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Apple wants to zero in on ‘Pro' segment, but what about the large majority?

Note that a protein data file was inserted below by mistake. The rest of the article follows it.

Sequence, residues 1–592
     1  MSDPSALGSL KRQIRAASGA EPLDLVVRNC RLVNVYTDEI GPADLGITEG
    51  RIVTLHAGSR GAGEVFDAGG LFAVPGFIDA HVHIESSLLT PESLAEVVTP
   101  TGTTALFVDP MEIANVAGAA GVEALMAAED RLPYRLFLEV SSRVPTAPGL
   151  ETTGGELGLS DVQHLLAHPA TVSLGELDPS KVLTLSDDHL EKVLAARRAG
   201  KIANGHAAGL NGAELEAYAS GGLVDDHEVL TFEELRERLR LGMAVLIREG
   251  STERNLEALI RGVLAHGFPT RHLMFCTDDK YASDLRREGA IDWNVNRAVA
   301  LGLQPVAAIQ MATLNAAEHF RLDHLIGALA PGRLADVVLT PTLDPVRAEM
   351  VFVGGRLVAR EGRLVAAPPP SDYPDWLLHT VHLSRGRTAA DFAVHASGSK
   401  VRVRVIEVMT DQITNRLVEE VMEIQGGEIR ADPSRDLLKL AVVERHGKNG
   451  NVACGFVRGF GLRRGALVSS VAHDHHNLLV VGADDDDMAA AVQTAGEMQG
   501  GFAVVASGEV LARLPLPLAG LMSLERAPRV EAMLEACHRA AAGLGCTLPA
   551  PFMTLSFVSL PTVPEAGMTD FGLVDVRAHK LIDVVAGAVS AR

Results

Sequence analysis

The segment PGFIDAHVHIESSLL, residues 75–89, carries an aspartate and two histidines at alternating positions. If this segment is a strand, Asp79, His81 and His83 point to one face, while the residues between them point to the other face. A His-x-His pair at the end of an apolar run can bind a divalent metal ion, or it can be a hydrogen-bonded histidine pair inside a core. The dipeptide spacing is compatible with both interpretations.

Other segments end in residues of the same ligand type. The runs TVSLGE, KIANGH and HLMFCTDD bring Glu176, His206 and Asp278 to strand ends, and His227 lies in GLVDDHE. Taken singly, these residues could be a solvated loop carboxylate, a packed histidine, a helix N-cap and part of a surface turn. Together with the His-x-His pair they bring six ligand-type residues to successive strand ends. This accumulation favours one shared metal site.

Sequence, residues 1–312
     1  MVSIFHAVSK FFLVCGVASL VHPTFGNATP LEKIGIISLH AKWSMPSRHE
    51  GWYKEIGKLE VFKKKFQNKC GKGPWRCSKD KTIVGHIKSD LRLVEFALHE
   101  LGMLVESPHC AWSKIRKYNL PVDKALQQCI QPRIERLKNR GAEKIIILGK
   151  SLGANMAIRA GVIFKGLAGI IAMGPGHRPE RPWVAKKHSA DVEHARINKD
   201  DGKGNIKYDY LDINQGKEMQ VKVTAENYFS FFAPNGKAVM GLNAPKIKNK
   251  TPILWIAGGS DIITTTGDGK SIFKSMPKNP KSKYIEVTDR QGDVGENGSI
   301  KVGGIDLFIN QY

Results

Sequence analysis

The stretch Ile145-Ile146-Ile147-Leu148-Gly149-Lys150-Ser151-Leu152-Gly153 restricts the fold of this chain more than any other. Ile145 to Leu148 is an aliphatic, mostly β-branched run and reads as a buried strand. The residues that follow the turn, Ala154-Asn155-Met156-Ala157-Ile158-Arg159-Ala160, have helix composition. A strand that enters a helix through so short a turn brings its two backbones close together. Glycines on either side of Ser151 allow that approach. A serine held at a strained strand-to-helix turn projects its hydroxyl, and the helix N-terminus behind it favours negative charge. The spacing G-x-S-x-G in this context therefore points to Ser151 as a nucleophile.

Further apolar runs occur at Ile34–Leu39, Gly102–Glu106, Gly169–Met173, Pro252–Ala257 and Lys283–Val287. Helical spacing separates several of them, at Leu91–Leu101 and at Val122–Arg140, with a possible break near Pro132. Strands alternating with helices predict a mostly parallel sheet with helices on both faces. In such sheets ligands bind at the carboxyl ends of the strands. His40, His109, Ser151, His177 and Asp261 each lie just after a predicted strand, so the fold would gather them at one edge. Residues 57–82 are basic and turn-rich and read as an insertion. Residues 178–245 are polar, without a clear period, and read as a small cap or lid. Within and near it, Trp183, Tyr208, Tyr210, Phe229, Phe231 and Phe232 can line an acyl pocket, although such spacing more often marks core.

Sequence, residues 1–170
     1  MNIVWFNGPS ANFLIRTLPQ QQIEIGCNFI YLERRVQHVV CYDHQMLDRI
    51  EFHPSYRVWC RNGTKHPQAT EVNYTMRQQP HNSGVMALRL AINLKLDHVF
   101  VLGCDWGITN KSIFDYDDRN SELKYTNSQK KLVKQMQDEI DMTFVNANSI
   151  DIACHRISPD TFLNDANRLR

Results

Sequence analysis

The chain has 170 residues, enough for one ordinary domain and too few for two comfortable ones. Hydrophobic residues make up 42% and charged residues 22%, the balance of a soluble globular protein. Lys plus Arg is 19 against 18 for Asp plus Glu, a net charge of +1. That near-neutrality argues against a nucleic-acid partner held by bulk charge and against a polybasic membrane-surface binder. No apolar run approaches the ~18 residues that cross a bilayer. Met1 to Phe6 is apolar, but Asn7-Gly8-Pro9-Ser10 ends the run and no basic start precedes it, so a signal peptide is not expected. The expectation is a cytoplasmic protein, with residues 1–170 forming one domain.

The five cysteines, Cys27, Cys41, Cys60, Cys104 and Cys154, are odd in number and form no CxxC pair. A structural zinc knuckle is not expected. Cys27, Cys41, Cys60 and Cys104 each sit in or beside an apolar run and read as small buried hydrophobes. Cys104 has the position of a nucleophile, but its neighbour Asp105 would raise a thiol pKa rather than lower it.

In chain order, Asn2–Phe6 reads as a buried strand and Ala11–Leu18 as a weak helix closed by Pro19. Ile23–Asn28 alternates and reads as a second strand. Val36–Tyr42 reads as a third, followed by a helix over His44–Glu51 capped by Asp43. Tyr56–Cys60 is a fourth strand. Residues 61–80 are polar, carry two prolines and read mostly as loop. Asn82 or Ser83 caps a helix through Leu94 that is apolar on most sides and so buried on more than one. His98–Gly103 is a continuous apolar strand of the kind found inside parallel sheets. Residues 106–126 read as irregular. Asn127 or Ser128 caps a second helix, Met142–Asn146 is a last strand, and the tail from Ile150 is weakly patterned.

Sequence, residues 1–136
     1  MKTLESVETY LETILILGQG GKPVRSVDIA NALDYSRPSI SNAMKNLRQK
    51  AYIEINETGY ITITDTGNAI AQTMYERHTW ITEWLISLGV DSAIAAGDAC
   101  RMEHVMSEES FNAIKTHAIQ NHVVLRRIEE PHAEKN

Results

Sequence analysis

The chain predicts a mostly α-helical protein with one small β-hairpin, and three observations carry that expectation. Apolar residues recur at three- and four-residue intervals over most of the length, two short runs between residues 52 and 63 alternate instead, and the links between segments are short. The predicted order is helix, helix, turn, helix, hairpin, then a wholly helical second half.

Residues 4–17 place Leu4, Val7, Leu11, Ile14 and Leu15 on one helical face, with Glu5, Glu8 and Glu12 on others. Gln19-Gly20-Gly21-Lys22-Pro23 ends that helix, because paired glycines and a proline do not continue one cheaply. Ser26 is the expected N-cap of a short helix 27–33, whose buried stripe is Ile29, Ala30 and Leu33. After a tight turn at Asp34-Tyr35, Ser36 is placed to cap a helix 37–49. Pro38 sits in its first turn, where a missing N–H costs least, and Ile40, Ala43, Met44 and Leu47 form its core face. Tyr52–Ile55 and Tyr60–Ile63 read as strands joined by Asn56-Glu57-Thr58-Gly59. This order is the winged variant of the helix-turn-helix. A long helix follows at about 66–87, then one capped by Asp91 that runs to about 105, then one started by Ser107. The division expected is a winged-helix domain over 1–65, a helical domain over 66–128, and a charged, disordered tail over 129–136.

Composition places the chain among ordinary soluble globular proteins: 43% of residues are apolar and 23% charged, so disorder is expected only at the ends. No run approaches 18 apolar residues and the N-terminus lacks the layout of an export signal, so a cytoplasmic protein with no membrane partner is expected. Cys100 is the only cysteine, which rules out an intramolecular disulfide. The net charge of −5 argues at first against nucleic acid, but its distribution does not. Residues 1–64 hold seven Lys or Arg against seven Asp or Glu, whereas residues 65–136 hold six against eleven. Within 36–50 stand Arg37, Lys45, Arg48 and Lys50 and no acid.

In a statement warmly welcomed by us internet folk, Tim Cook recently proclaimed “you will see us do more in the pro area.” In our circles, this is unquestionably good news, as we all foster an insatiable appetite for new innovations, be that on a hardware or software level. More pro is great, however I invariably had to spare a thought for the average, not-so techy Apple customer. I'm talking about the type of customer that after owning their iPhone 6S for more than a year, still has little concept of what 3D Touch does. Or how about the one that loves their new MacBook, but will gaze at you with a stunned expression when you introduce them to Force Touch on their trackpad. This is by no means meant to sound snarky or patronizing, because as a matter of fact, I don't blame them for not knowing – I blame Apple for failing to take everyone along for the ride due to poor communication. Shifting up the ‘Pro' a notch in the future sounds great, that said how do you straddle the line between pleasing us tech-warriors and not entirely overwhelming a large majority of users, a majority already only privity to roughly half of the juicy features on their devices? Apple needs to find some cogent answers to this issue, and rather than creating a two-tier system in their hardware sold (labelling only some products ‘Pro'), I contend that software could be the key. Granted this is anecdotal, but noone around me past the age of 40 (even the ones fairly switched on in the realm of Apple) could reliably point out the location or even use of features such as Markup on iOS or 3D Touch keyboard shortcuts. I would go further out on a limb and wager that many owners of the iPhone 7 Plus know full well about their iPhone's dual lens in terms of cosmetics, though they would struggle to name only one perk of the technology. Contrast this with the other side of the equation, where we have people licking their lips for 4K Apple TVs, beefier MacBooks or something as ostensibly simple as multiple user profiles for iPad. Reconciling and catering to two segments this disparate is a tough ask. For all the inherent challenges, it is a crucial one, simply because Apple cannot risk to create a bigger rift amongst their customers: pleasing the ‘Pro' customers without consideration for the average Joe is going to deprive the majority of customers of the nifty stuff and eventually frustrate a lot of people that might feel left out. On the other hand, hampering or slowing down new software or hardware to ensure the lion's share of users can keep up is sure to exile the techy crowd. The dynamic described is sometimes referred to as a rubber band effect, and it is something Apple by all means needs to forestall.
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